Baseball is Back


Siddharth Karthikeya, Staff Writer

Major League Baseball (MLB) is back, baby! As of Feb. 28, the 2021 Baseball Spring Training games has commenced. With 14 games between 24 teams, players will undoubtedly enjoy being back on the field for the first time since the Los Angeles Dodgers won the World Series last October.

Like usual, spring training will continue up until early April when opening day comes around, which is currently set for Apr. 1. However, baseball fans and officials hope things go better this year than they went in 2020.

In July 2020, 58 players and staff members tested positive for COVID-19 in spring training, giving a rocky start to last year’s baseball season. Teams like the Yankees, Red Sox, and Reds were among many that had outbreak scares in the early stages of the season.

In addition, several star players like David Price, Ryan Zimmerman, and Lorenzo Cain weren’t comfortable playing baseball for safety reasons, resulting in holes in rosters and disappointed fans.

But this year, the MLB assures teams there’s a clearer, safer, and more organized plan for 2021 baseball. So how exactly will the MLB guarantee a safe playing environment?

With frequent Polymerase Chain Reaction (PCR) screening, periodic quarantine periods, and strict safety measures for celebrations and team bonding, the MLB has pretty much thought of everything to ensure staff and player safety.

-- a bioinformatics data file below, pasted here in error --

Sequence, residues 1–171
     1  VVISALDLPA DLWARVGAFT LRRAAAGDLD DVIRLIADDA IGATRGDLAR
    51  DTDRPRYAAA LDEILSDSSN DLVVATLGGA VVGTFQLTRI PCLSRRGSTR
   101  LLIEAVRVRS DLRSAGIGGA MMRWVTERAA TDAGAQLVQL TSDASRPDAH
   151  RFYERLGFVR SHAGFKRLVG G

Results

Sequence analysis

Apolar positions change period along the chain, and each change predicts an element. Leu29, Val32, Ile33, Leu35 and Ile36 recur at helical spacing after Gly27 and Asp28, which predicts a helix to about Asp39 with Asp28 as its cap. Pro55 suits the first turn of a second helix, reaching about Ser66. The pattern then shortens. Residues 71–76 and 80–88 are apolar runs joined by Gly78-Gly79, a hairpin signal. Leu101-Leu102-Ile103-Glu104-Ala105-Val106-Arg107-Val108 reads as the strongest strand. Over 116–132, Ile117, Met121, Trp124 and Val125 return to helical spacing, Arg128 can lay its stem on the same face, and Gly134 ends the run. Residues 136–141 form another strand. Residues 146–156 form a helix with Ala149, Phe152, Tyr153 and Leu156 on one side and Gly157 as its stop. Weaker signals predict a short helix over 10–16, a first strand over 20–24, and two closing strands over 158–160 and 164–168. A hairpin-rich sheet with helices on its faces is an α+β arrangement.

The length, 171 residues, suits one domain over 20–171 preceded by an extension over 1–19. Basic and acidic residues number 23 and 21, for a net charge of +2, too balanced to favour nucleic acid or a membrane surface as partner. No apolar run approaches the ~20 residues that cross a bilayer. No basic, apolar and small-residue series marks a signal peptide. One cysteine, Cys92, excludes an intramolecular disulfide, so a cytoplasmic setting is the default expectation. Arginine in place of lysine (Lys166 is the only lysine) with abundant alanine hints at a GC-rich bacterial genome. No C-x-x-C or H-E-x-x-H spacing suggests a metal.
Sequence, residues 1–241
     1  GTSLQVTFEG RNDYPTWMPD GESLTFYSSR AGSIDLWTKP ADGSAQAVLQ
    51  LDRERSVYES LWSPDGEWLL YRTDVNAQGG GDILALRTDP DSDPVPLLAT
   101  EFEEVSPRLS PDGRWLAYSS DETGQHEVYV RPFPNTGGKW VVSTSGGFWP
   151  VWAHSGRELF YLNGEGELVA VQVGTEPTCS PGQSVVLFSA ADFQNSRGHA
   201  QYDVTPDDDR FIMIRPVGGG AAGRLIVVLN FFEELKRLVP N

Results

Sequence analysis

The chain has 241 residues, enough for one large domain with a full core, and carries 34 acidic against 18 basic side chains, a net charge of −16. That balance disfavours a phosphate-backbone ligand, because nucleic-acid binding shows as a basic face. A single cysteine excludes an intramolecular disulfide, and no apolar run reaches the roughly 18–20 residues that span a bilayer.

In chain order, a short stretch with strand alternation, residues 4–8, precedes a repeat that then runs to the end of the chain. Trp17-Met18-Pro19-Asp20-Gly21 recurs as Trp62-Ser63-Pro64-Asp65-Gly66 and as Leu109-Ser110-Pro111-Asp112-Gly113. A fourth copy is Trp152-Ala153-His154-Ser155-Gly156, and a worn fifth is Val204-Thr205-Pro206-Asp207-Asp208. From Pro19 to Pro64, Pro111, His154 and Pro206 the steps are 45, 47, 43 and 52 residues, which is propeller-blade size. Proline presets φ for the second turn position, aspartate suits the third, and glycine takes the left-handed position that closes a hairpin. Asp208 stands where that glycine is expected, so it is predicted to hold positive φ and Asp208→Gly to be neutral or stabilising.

The arrival of vaccines also adds another tool officials can utilize in preventing the spread of COVID-19 amongst players and staff. But since young athletes make up most of the player demographic, it’s projected that the majority of players won’t be eligible for vaccinations until late March.

When it comes to fan safety, there’s a similar plan set in place. Pod seating, limited attendance, and strict social distancing guidelines will be enforced for fans in attendance. So far, Arizona and Florida are the first two states to permit fan attendance for spring training but other states are expected to follow suit.

But not everything is good news as there are still uncertainties that require ironing out. These mainly center around how confident players are in MLB safety protocols and whether or not they’re willing to take the risk to play the game they love.

Like last year, players have been given the opportunity to opt out with pay if they’re considered “high-risk.” When players choose to do this, it’s often because they have pre-existing health conditions or their family members do. Players that are not considered high-risk are also allowed to opt out, but they will not receive pay.

Although opting out is understandable, it’s hard on fans not seeing their favorite player out on the field and it’s hard on teams which rely on certain players to perform certain roles.

All baseball fans can do now is hope for smooth sailing and a whole lot of baseball this coming season. Knock on wood and gather your good luck charms because with the way this past year has gone, we’re going to need all the luck we can get.


Photo courtesy of SACBEE.COM